Exposure to Sunlight May Help Lower Blood Pressure

EDINBURGH – May 22, 2013 – It’s common knowledge that too much ultraviolet (UV) radiation can lead to skin cancer and other melanomas. However, researchers in Scotland have discovered an unexpected association of exposure to UV rays with lowered blood pressure and overall heart health. This means that some sunshine can be good for you after all.

Researchers at the University of Edinburgh have found that when the skin is exposed to sunlight, blood vessels release a compound called nitric oxide that brings about a drop in blood pressure. This reduced blood pressure likely reduces the risk of heart attack and stroke and may even extend life expectancy.

Dr. Richard Weller, a senior lecturer in dermatology and author of the study, said, “We suspect that the benefits to heart health of sunlight will outweigh the risk of skin cancer.”

Deaths from heart disease far outweigh those from skin cancer, and therefore the overall health risk of avoiding sun entirely may be greater than taking more time in the sun for one’s heart’s sake.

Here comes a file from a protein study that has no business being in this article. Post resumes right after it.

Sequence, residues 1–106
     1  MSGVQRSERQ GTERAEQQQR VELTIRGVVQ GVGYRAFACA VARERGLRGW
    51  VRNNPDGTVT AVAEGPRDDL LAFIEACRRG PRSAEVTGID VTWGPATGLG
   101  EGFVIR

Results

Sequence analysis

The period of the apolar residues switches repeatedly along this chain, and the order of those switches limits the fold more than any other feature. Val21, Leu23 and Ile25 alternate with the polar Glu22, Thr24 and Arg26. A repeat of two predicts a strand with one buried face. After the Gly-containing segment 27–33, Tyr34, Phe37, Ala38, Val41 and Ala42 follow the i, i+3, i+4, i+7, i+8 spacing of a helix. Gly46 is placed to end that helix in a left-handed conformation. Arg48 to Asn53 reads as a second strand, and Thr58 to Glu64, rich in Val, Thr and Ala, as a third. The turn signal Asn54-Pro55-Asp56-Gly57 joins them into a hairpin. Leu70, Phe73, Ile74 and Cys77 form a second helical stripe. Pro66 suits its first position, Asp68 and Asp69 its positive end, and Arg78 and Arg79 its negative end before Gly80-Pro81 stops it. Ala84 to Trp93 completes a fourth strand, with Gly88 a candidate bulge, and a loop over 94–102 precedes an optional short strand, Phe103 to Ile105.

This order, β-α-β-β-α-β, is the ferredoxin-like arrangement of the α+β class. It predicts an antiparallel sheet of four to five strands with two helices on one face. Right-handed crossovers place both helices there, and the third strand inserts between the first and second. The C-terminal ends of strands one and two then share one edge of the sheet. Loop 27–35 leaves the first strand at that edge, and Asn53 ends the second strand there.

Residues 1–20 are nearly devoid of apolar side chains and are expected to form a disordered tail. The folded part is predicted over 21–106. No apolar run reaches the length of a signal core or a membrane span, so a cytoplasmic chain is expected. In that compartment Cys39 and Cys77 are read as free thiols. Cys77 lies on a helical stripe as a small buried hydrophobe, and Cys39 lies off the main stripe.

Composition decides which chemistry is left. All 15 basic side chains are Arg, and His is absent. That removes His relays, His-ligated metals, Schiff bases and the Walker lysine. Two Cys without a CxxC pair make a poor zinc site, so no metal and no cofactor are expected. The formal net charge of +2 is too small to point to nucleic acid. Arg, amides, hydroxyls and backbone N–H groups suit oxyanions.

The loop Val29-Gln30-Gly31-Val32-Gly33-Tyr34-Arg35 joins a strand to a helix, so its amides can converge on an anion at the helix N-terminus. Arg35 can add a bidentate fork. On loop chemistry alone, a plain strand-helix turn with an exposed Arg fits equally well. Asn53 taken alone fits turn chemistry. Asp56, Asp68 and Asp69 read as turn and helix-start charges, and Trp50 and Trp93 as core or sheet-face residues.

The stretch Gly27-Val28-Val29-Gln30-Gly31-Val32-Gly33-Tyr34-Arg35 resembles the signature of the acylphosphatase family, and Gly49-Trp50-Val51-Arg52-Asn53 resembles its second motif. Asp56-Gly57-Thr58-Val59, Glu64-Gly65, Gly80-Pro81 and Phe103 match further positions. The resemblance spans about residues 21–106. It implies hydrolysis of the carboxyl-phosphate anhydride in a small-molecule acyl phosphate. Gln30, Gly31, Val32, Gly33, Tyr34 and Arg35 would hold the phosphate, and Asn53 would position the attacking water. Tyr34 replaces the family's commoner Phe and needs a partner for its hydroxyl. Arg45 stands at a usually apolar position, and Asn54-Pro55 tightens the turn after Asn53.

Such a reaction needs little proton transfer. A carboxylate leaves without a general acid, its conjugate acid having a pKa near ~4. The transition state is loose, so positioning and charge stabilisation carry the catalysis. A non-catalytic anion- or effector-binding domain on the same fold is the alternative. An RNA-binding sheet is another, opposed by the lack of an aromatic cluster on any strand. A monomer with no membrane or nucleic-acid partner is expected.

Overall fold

The EPA has warned that UV radiation may suppress the immune system and compromise the natural defense that skin provides, increasing the risk of infection. However, this new data now brings more uncertainty to the question of just how much sun is good for a person over a lifetime.

Researchers used tanning lamps with both heat only and heat plus UV rays on subjects to determine a definite effect from the UV exposure on blood pressure levels. Interestingly, the subjects’ vitamin D levels remained unaffected by the exposure. Boosting vitamin D has long been thought a positive outcome of exposure to sunlight.

The research has suggested that adding vitamin D supplements may not fully replace the array of benefits that regular, moderate exposure to sunlight provides.

However, not all researchers are convinced. Nina Goad, a spokesperson for the British Association of Dermatologists spoke to Everyday Health magazine: “The findings do not confirm sustained blood pressure reduction in the general population,” she said. She and other researchers also point to the many well-established methods of reducing blood pressure such as healthier diet and exercise, medication, avoiding obesity, limiting alcohol intake and not smoking. Further study by the University of Edinburgh is planned for the coming year.

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